Steve Lieberman, E. Ramapo chief Joel Klein resigns, effective Oct. 31, Lohud

The board has named an interim superintendent who will serve through June.

SPRING VALLEY East Ramapo school superintendent Joel Klein has resigned.

The announcement drew strong applause and cheers from the several dozen people attending a special Board of Education meeting Wednesday night.

Residents had waited 70 minutes for board members to leave an executive session before board President Yehuda Weissmandl delivered the news that Klein’s resignation would take effect on Halloween.

Moments later, Klein’s successor, Deborah Wortham, made an energetic first appearance in the gymnasium of district headquarters on South Madison Avenue.

Most recently Wortham served as superintendent in the Roosevelt school district on Long Island — a district that was under state control for a dozen years

Her interim appointment lasts until June 29, 2016.

When introduced by the school board Wortham, who is African-American, grabbed the microphone and pumped up the cheering parents, many of whom have been at odds with the school board and Klein for years.

“I’m excited,” Wortham shouted. “All the way back in the room, are you excited?” She added to one person who gave her a shout out from the audience, “Can you do a happy dance?”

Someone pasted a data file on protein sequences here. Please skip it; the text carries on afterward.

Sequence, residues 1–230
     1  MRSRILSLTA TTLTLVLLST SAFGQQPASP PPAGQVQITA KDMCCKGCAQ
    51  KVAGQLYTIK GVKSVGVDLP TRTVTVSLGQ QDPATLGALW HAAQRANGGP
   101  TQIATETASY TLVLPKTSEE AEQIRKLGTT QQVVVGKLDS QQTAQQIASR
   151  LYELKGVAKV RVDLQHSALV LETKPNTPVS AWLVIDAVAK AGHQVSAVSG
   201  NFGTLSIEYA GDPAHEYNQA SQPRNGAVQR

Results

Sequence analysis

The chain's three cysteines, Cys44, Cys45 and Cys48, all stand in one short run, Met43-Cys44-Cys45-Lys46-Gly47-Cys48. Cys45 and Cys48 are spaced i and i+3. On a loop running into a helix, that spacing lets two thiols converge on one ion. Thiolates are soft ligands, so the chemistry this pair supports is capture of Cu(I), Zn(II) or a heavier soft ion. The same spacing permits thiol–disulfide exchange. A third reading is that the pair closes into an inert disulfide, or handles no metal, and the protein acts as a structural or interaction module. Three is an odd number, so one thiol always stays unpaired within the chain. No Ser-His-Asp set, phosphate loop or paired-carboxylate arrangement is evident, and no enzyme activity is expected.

“I’m excited by what we can do together,” she added.

Wortham said she knows about the controversies and divisions within the financially troubled school district, where the school board is controlled by Orthodox Jews who primarily send their children to private schools. There have been hundreds of layoffs of teachers, deans, support personnel and program cuts in the district. The population of about 8,000 students is predominately non-white, and has a private school population topping 20,000.

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Klein has survived countless political and legal storms since the school board hired him in 2011, after years creating Clarkstown schools’ special education programs as an assistant superintendent. One of East Ramapo’s major programs is special education, especially within the religious private school community.

Klein antagonized parents with derogatory comments about Hispanics, waiting weeks to apologize. He had been the target of protests at each board meeting, as well as his home.

Most recently, the district has been under the spotlight of former New York City schools chancellor Dennis Walcott, who is part of a three-person state monitoring team sent to scrutinize district operations. A push to hire a watchdog who could veto board decisions was rejected by the state Legislature.

Walcott, who attended Wednesday’s meeting, said Wortham was one of the candidates recommended by his team to replace Klein.

“We had a dialogue with the board and we had a very long detailed discussion and we suggested her,” he said.

Weissmandl said the district reached a separation agreement with Klein, approved unanimously by eight trustees, but did not give any details.